Clover journal page

Are you wondering if I’m repeating myself? Didn’t I post this a few days ago? Indeed, I posted something similar on Monday, a card featuring the new ‘warm wishes’ set from Darkroom Door. At the end of the post I mentioned that I’d like to transform the design into a journal page…so I did!

I kept my colour scheme with the addition of more green and added a few extra stamp images and a bit of texture. I used a Fabriano ‘Venezia’ art journal, with drawing paper not watercolour paper. The weight of the paper is decent but if I’m going to be spritzing and adding water and ink I paint a layer of absorbant ground on both pages first.

I began by inking up the clover stamps with worn lipstick, aged mahogany and peeled paint markers, spritzed them so the ink started blending on the stamp then stamped randomly across the pages. I spritzed the images lightly so the ink moved and softened and also dabbed colour and water away with a paper towel. I inked the number/account book stamp from ‘number medley’ set with stormy sky distress stain and stamped it randomly around the pages. After stamping I spritzed the images so the ink spread, diluted and ran across the page. I dabbed some of it dry but left other bits to make watermarks. I also splattered the stain around with a paintbrush. Once the first layer of stamping was dry I switched to stormy sky distress ink and a blending brush to add colour to all the page edges. Also on the dry page I added a bit of texture by applying modeling paste through the DD stencil, ‘crackle’. The crackle was not very obvious but showed up a bit more after I added more stamping.

At this point I considered the background complete and started on the more distinct stamping. As I was working in the journal I couldn’t place it in the MISTI so I placed my ‘staytion’ magnetic board under the left hand page and added some acrylic blocks underneath the board to balance the left side of the journal with the right. I used an acrylic block to stamp all the clover and positioned a stampa-ma-jig against the block a couple of times just in case I didn’t have a complete image. I was able to do touch ups with a paintbrush and extra ink if the stamping was too pale.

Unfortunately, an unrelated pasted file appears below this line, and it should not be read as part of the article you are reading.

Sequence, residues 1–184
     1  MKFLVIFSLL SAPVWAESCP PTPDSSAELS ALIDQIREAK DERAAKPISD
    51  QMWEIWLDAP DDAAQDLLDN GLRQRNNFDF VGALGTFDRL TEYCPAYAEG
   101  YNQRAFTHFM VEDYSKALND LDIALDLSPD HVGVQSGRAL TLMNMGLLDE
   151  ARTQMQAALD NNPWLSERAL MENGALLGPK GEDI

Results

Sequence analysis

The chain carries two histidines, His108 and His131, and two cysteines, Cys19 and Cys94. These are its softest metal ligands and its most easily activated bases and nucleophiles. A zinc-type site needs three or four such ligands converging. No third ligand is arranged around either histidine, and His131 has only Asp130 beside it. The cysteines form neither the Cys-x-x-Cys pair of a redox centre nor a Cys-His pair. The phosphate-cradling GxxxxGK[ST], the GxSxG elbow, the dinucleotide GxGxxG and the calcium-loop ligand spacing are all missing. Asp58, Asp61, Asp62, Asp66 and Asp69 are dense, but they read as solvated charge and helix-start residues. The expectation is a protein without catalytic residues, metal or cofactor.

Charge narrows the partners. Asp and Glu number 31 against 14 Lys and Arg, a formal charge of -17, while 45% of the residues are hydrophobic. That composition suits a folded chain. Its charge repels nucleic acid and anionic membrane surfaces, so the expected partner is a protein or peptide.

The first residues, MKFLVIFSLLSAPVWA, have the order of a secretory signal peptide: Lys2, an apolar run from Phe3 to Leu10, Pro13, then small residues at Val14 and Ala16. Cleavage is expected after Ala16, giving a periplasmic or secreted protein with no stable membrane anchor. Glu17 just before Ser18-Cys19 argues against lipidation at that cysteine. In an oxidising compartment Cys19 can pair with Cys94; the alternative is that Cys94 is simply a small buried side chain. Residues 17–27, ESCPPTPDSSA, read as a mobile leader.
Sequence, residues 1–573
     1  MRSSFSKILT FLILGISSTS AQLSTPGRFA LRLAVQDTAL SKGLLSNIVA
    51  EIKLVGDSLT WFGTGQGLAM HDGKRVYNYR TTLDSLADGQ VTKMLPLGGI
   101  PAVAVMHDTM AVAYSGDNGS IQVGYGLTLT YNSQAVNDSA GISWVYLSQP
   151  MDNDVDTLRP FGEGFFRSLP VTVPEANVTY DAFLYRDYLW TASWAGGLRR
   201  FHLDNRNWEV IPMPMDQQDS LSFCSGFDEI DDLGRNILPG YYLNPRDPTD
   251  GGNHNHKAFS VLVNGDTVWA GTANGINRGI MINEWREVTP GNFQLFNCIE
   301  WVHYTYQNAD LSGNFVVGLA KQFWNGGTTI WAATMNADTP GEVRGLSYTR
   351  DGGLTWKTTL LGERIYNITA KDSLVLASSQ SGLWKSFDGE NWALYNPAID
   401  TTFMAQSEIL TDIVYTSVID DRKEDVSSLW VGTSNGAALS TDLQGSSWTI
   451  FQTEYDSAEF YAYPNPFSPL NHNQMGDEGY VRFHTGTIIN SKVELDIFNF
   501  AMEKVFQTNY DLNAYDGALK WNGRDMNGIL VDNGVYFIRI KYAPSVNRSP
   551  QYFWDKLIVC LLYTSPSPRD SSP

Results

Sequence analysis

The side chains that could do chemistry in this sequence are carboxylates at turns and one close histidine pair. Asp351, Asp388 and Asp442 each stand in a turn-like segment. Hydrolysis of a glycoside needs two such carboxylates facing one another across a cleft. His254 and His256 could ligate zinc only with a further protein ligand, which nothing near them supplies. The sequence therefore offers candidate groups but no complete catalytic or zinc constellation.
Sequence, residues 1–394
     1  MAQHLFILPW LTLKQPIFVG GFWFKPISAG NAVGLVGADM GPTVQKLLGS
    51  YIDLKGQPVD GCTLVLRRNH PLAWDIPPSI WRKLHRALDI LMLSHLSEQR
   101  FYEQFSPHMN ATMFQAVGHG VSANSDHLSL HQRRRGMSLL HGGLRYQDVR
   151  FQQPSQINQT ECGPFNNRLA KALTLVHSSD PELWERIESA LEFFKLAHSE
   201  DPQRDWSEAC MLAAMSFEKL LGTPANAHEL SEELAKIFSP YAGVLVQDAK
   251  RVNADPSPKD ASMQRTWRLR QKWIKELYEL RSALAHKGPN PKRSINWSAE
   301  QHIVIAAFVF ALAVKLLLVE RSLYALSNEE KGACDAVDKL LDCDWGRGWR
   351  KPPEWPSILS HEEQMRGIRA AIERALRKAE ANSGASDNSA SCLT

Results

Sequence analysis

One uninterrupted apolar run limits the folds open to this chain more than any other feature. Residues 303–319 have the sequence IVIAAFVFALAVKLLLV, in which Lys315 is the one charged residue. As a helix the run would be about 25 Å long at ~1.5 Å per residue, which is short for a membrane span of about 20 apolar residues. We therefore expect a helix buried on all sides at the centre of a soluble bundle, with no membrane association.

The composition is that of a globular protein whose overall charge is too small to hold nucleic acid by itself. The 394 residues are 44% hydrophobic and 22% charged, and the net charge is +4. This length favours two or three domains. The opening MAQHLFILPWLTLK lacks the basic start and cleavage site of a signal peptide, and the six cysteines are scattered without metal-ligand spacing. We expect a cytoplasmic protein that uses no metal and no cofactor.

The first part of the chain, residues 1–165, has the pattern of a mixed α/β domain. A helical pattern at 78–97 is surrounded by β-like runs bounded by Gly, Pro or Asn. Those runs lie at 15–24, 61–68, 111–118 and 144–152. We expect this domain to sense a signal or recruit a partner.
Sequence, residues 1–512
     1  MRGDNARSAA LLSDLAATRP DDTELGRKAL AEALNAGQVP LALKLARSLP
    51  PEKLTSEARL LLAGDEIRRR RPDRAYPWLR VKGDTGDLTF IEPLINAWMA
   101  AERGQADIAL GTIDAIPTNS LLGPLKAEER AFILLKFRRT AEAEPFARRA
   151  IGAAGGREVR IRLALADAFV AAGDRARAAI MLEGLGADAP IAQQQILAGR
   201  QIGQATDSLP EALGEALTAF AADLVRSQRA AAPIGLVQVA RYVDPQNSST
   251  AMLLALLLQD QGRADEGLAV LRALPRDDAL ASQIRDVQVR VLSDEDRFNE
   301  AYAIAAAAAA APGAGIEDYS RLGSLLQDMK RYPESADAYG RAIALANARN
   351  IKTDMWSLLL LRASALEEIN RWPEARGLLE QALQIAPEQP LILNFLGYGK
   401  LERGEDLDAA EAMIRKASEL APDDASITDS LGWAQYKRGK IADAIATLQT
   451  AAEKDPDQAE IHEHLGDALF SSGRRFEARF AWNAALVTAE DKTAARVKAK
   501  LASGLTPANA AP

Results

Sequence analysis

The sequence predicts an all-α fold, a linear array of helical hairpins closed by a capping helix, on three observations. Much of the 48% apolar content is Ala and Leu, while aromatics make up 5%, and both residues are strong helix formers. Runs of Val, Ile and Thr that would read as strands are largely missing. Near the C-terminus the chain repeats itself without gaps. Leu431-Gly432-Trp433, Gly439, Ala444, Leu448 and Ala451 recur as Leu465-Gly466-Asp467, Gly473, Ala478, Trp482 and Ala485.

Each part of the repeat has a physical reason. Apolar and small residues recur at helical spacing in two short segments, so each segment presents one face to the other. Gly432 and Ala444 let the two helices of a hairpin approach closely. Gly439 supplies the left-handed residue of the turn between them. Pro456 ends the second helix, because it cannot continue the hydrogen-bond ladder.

I wanted some clover-ish leaves to stamp around the flowers so I grabbed a stamp from the DD ‘wildflowers vol 2’ and stamped foliage all around in peeled paint and forest moss inks. I added some green splatter too because journal pages always need splatter! At this point I was almost finished but I wanted a little more blue on the page. Rather than add more of the number stamp I used a very delicate floral stamp from ‘nature walk’ in faded jeans archival ink so I would have fine detailed lines that wouldn’t blend or blur. To balance mass of colour at the base of the pages I added more blue across the top edges. The blending brush was going to take too long so I swiped the ink pad over the edges and some water droplets also.